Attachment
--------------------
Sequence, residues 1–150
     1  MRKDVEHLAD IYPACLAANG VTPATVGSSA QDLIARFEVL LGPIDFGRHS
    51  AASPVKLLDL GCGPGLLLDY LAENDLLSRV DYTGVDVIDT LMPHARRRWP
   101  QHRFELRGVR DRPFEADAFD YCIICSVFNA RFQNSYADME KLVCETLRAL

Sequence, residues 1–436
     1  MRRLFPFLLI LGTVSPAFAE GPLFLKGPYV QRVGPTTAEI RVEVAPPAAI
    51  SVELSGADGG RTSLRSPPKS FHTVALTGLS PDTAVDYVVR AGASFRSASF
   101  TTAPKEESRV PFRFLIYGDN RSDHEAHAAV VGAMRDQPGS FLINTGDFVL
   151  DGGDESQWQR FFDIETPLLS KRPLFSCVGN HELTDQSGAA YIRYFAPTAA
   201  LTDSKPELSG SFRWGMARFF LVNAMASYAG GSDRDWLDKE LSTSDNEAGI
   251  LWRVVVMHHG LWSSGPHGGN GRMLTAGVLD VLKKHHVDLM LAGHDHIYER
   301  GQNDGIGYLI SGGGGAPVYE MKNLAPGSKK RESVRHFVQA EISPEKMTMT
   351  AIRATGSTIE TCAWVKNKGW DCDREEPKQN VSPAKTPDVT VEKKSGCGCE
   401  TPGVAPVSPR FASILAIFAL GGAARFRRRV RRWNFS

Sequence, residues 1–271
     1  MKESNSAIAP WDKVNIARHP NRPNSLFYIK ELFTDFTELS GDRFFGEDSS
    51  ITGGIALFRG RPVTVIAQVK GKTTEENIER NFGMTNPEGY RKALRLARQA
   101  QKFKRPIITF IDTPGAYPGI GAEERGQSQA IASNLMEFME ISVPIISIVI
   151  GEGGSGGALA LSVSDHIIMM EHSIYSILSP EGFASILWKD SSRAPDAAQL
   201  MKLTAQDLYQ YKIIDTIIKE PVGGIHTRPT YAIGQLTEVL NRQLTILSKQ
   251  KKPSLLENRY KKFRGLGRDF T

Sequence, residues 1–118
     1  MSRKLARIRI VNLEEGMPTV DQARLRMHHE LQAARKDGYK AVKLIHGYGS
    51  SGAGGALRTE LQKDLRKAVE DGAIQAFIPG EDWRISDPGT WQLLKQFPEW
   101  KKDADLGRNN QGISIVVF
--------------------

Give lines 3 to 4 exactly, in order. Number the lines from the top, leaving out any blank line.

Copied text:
    51  AASPVKLLDL GCGPGLLLDY LAENDLLSRV DYTGVDVIDT LMPHARRRWP
   101  QHRFELRGVR DRPFEADAFD YCIICSVFNA RFQNSYADME KLVCETLRAL